Research Article

Indications for electric convulsion therapy and its use by senior psychiatrists.

Br Med J 1979; 1 doi: https://doi.org/10.1136/bmj.1.6172.1169 (Published 05 May 1979) Cite this as: Br Med J 1979;1:1169
  1. D Gill,
  2. J Lambourn

    Abstract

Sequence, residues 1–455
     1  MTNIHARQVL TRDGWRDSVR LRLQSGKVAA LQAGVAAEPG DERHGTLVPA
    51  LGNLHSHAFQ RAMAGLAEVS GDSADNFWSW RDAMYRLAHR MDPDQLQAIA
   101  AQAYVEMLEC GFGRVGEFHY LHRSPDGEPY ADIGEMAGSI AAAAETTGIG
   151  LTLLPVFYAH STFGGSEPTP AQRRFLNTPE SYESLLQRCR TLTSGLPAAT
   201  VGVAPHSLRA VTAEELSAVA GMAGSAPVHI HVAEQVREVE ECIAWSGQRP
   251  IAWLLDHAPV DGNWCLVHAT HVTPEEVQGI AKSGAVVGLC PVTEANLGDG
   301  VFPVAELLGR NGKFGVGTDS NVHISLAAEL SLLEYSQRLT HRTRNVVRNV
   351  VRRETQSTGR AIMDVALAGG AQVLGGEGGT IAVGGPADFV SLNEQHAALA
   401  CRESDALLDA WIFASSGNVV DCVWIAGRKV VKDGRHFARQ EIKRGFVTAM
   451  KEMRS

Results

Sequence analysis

A survey by questionnaire of all senior psychiatrists in the Wessex Region showed that they considered depressive psychosis to be the major indication for electric convulsion therapy (ECT). A good clinical response was thought to be predicted by the presence of psychomotor retardation, depressive delusions, depressed mood, early morning wakening, diurnal variation, loss of appetite, and agitation. ECT was judged to be extremely useful for treating mania and acute undifferentiated, catatonic, and paranoid schizophrenia; of some use in hypochondriasis; but of little value or contraindicated when there was severe, depersonalisation, or hysterical symptoms. Only 40% of the psychiatrists favoured unilateral ECT, and the variation in electrode placements used by different psychiatrists was surprising. Eighty per cent of the respondents used courses averaging six to eight treatments given over two or three weeks. Results obtained in this study, based on clinical judgment, differed from research findings, which emphasises the need for further study of this important treatment.